You Might Like This Movie If: You're in the mood for some hot stuff! [Warning: this Youtube video is painful to watch.]
Really?: 1) So, wait....everyone warns Ernie and Doug that operating a pawnshop will only enrage the local Mafia, the gangsters eventually show up, and then they’re completely unthreatening? That’s a bit of a letdown. And then the other criminals beat up the gangsters, even though Ernie just told them he’s a cop and they’re all under arrest? I’m not buying that scene. 2) Funny how Ramon Savadera (Luis Avalos) was cut out of the VHS jacket credits, not to mention the caricature illustration, even though the pawnshop is a four-person, not a three-person operation. 

Rating: Hot Stuff is an enjoyable, but highly forgettable fluffy comedy that starts out quite well when a unit of burglary unit detectives decide to take over a local pawnshop, but takes a very wrong turn in the second act and becomes a much dumber film. Meh. 6/10 stars.

Dutch (1991)

Synopsis: John Hughes writes and produces a heartwarming tale of two antagonistic men who bond during a series of misadventures as they race across the American heartland to make it back to Chicago for Thanksgiving. Wait – wasn’t that the Synopsis for Planes, Trains and Automobiles?!?! 1991

Blurb From the VHS Jacket: “A hilarious battle of wills between a working class guy and an upper-class kid!” 

What Did I Learn?: 1) Nothing burps better than bacon. 2) You can’t beat a Ford for good brakes. 3) Working class is not bad – a solid economy needs hand workers. 4) Fireworks are illegal in Illinois.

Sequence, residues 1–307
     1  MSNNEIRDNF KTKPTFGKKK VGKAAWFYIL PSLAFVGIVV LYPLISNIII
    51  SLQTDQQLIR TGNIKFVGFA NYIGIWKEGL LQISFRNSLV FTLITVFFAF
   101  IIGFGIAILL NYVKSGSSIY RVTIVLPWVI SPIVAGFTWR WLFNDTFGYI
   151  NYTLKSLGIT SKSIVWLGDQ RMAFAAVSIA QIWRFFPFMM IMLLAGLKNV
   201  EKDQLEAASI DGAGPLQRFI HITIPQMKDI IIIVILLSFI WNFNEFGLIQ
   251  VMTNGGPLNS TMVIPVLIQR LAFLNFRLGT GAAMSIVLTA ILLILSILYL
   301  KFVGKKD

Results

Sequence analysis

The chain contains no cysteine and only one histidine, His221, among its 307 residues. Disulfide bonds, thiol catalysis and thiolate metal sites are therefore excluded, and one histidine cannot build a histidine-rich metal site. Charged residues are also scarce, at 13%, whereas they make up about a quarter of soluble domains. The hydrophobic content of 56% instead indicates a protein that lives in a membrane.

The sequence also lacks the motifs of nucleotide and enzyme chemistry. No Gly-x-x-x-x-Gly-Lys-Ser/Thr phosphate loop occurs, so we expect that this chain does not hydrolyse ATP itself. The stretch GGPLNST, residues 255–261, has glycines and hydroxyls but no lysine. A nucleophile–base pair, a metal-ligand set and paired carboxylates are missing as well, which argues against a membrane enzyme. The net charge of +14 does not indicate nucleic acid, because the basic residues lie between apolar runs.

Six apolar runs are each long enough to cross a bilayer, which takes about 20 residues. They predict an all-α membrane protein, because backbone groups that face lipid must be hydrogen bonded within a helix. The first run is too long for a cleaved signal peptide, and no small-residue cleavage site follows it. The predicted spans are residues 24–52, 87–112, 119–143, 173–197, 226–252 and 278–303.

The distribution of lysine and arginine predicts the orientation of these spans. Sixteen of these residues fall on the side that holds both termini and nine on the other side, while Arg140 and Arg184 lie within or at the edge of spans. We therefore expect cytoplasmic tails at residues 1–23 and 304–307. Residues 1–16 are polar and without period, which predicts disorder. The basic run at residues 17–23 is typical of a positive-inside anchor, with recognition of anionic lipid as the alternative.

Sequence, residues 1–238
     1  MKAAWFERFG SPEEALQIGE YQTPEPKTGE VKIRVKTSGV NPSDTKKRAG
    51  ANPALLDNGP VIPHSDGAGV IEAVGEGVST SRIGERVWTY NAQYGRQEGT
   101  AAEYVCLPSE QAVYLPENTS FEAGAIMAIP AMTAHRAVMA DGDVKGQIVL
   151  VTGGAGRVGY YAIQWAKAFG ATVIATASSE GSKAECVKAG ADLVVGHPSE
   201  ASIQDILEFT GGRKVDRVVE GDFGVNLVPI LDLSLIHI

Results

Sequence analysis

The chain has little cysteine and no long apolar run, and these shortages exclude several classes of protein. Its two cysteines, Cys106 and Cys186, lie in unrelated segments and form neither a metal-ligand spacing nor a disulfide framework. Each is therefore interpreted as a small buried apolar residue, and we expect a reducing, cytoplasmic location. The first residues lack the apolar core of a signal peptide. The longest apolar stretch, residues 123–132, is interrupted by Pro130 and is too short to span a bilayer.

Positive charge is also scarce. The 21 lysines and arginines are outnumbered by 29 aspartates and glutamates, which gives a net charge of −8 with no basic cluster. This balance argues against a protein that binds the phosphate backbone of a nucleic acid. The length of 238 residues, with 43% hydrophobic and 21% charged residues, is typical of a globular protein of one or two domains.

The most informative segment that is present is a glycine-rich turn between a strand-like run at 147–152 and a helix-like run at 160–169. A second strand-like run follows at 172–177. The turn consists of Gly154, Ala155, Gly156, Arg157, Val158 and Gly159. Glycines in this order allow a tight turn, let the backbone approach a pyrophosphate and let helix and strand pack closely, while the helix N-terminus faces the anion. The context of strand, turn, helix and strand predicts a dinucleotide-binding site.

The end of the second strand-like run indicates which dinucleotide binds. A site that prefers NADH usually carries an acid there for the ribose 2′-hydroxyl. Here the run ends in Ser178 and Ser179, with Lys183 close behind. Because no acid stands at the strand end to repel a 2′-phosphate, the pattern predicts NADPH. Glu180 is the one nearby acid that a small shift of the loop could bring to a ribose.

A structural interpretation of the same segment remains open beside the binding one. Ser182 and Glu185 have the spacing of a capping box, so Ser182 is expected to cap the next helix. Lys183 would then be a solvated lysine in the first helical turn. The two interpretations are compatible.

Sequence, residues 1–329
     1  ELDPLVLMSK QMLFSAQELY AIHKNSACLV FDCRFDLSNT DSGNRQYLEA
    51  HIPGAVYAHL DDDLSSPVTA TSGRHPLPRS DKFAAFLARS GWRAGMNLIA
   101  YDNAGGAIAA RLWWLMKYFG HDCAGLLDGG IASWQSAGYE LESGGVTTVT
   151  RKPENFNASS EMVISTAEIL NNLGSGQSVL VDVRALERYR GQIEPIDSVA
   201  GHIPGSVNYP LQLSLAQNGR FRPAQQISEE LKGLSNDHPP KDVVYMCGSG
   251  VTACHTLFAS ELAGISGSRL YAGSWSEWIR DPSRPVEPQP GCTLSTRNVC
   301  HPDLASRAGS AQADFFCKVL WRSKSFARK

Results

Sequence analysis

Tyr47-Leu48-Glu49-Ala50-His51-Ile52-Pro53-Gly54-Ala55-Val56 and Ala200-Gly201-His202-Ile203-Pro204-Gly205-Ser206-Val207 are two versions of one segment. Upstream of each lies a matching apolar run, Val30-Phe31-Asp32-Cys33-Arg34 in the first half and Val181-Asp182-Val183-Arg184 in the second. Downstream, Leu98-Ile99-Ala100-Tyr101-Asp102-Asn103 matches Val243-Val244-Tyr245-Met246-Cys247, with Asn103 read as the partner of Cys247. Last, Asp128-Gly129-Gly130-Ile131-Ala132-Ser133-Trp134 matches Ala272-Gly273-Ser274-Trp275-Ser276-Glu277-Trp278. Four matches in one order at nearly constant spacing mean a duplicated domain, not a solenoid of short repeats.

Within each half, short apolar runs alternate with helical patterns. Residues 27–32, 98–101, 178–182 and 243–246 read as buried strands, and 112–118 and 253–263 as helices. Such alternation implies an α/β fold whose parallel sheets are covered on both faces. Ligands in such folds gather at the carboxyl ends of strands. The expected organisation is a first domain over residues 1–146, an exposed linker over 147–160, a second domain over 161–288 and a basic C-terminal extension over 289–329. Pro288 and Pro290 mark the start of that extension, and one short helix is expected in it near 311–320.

Really?: 1) I realize Doyle (Ethan Randall) is a snobbish, obnoxious, and generally unpleasant human being, but he’s also a kid. Isn’t there something seriously wrong with a movie when you want to see a grown man knock the crap out of somebody much smaller? 2) Take a drink every time Dutch (Ed O’Neill) is physically abused. 3) Wait – wouldn’t Dutch face jail time, or a lawsuit, or some sort of consequences for punching Reed in the forehead? 

Rating: I vaguely remember liking Dutch when I saw it on the big screen in 1991, so I was hoping for a pleasant evening of good-natured John Hughes comedy. Sadly, Dutch was NOT one of Hughes’ better films. O’Neill does his best with the occasionally-funny script, but the whole thing seemed a little too derivative (see: “Synopsis”), and far too mean-spirited (See: “Really?”) for my taste, and I could have done without the heavy-handed class warfare angle. Jeez, didn’t Hughes know any decent rich people? 6/10 stars.

On the Waterfront (1954)

Synopsis: Brando mumbles his way to an Oscar.

Blurb From the VHS Jacket: “Marlon Brando, Karl Malden and Eva Marie Saint star in the timeless, Academy Award-winning film about a dockside worker and ex-prizefighter who heroically goes up against his corrupt labor leaders to expose the union’s criminal practices.” 

What Did I Learn?: Snitching is the right thing to do. 

Really?: Until I saw this movie, I had no idea that taxi drivers were allowed to cover the rear windows of their cabs with venetian blinds. 

Rating: On the Waterfront feels a little dated in places, but one can still sympathize with Brando’s magnificent portrayal of a simple and disillusioned man who struggles with his conscience to do the right thing. Brando’s performance is unforgettable, but there’s actually a lot of star power in On the Waterfront, including Malden as a crusading priest, and Rod Steiger as Terry’s gangster brother who does his best to keep his younger sibling out of trouble. Highly recommended. 9/10 stars.